In 1993, IBM Simon was introduced. This was possibly the world's first smartphone. It was a mobile phone, pager, fax machine, and PDA all rolled into one. It included a calendar, address book, clock, calculator, notepad, email, and a touchscreen with a QWERTY keyboard. This was a smaller device with a longer battery life.
  • Downloadable Content

    In 1998 the first downloadable content sold to mobile phones was the ring tone, launched by Finland's Radiolija.. Advertising on the mobile phone first appeared in Finland when a free daily SMS news headline service was launched in 2000, sponsored by advertising.
  • Satellite Phone Service

    he Inmarsat satellite telephone system, originally developed in 1979 for safety of life at sea, is now also useful for areas out of reach of landline, conventional cellular, or marine VHF radio stations. In 1998 the Iridium satellite system was set up.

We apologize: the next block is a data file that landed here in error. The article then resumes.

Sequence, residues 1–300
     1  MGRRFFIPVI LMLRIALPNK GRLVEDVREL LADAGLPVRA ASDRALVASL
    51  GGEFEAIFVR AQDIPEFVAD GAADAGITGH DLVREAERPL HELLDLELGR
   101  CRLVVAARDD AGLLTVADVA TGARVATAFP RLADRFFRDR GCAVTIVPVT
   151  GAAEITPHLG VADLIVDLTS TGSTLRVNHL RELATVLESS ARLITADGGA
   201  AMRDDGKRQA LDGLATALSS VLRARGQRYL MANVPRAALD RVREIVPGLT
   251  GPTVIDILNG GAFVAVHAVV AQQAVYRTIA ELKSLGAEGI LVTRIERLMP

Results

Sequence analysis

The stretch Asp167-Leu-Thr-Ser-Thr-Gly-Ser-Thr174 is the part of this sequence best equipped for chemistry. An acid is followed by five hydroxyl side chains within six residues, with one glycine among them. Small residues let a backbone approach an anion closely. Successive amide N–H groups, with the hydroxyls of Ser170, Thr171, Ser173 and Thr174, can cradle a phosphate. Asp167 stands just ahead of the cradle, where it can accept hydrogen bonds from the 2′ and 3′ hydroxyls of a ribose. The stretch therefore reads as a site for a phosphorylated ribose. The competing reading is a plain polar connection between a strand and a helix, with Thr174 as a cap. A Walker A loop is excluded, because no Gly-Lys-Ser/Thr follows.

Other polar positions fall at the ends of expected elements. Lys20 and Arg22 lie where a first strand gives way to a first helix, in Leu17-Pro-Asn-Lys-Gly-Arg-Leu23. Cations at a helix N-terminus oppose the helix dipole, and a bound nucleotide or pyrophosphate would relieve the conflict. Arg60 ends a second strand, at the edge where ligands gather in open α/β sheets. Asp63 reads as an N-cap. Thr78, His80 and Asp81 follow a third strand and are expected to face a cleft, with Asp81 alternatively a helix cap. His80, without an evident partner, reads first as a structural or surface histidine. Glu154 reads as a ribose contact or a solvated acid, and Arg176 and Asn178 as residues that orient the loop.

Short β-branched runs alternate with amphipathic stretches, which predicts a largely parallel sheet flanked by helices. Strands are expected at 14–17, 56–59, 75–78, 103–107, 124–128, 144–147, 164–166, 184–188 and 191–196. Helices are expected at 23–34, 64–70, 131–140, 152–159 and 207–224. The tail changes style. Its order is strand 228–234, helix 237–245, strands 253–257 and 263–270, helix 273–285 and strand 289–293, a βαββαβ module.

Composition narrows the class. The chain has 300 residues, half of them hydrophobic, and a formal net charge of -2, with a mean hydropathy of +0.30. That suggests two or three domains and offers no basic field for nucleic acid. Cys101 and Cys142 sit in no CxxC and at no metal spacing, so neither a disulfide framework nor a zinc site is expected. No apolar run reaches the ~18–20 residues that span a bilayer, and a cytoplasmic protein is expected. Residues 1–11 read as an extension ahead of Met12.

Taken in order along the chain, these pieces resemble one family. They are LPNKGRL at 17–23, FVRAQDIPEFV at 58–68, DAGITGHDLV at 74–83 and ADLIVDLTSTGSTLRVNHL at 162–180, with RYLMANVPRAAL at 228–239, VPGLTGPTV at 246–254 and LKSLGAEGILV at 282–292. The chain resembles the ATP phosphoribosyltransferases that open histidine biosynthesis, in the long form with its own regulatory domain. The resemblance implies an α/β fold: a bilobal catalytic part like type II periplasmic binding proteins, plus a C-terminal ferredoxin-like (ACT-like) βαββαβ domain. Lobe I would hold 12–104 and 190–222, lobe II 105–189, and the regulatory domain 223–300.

• 3G Broadband

    As the use of 2G phones became more widespread it became clear that demand for data (such as access to browse the internet) was growing, as well as greater data speeds. The main technological difference between 2G and 3G is the use of packet switching, rather than circuit switching, for data transmision.
  • Embeded Wireless Internet/SIM Card

    By the end of 2007, there were 295 million subscribers on 3G networks worldwide, which reflected 9% of the total worldwide subscriber base. Although mobile phones had long had the ability to access data networks such as the Internet, it was not until the widespread availability of good quality 3G coverage in the mid-2000s that specialized devices appeared to access the mobile internet. Computer manufacturers started to embed the mobile data function directly into the phone with a SIM Card.
  • 4G

    Overwhelmed by the growth of bandwidth-intensive applications like streaming media, the industry began looking to data-optimized 4th-generation technologies, improving speed up to 10-fold over existing 3G technologies. Sprint and LTE were the first to introduce this in America. Circuit switching was eliminated, using an all IP network. One of the main ways in which 4G differed technologic